New study claims Hobbit was a new species


Image Wikipedia.org, drawn by Rainer Zenz.The skull of H. floresiensis.

The latest salvo in the ongoing hobbit wars is a study led by anthropologist Dean Falk, published in the Proceedings of the National Academy of Sciences (PNAS), purportedly showing that the hobbit was not a microcephalic, but rather a new species.1 The announcement of the study received considerable media attention, although the paper itself only appeared on the PNAS web site days later—when the story was no longer ‘in the news’.

The unfolding of the hobbit debate has been covered earlier, by both the author2 and Dr Carl Wieland.3 An in-depth development of the hobbit tale, from the perspective of the archaeologist who led the discovery team, is available in a recently published book.4

The new study involved comparing 3-D reconstructions of the brains from the hobbit (LB1 individual), nine microcephalic people, and 10 normal people.5 From this, according to a media report:

‘The researchers found two characteristics—in addition to small size—that distinguish microcephalic brains: The bottom part sticks out in the back, and the region behind the forehead is unusually narrow’.6

Regarding these characteristics the hobbit was reported as:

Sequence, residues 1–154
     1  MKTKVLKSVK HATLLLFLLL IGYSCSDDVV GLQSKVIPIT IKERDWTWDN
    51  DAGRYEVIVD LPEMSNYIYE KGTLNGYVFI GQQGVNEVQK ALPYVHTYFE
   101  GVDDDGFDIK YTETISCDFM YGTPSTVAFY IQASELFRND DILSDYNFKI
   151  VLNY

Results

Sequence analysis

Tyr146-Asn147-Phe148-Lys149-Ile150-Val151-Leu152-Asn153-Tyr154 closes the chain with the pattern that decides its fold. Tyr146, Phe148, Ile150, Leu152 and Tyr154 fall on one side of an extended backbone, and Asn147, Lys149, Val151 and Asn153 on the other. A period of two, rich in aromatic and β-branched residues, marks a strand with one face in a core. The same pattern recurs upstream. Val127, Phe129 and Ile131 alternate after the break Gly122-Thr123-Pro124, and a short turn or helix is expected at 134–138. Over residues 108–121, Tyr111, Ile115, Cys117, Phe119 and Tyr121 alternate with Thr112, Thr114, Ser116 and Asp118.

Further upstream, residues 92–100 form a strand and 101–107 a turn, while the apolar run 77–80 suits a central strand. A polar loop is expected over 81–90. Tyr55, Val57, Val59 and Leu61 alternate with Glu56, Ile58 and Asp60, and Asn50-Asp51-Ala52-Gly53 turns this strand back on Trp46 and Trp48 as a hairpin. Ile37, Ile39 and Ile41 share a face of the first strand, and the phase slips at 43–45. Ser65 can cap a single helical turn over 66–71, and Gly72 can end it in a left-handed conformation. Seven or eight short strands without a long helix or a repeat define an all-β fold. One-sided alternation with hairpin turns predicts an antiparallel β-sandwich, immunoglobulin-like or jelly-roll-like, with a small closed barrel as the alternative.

‘fitting in with normal humans, not microcephalics … But she was unlike modern humans in four other features distinguishing her from Homo sapiens, crying out for recognition as a separate species, the researchers said’.1

One thing is certain; the data in the study is characteristically silent—not even a whisper can be heard. Hence, it is not the LB1 fossil, but the investigators interpreting the fossil find that are crying out for the hobbit to be recognized as a new species. As indicated by evolutionist John Reader: ‘Preconceived notions have played a fundamental role in the study of fossil man’.7 Given this, can the authors of the paper be relied upon to give an unbiased study, or instead to interpret the data to fit a preconceived outcome? From an examination of a previous study led by Falk it is obvious that the agenda of the authors is to debunk the microcephaly hypothesis.

In this earlier brain endocast study by Falk et al they concluded that LB1 was not a microcephalic or pygmy, and a hypothesis was put forth ‘that H. erectus and H. floresiensis may have shared a common ancestor that was an unknown small-bodied and small-brained hominin’.8 But a problem with the study was that the sample size of microcephalics used was a mere one specimen, and even if it was a good comparison specimen (which it was not), ‘it is simply impossible to take any single skull as typical of “true microcephalics.”’9 Hence, for Falk et al to rule out microcephaly, after comparing LB1 to only one other microcephalic specimen, shows a total lack of objectivity. To emphasize the point, about six months later a brief paper was published by Weber et al, detailing the analysis of 19 microcephalic modern humans, where the finding of a microcephalic endocast comparable to LB1 was reported.10 The authors commented that: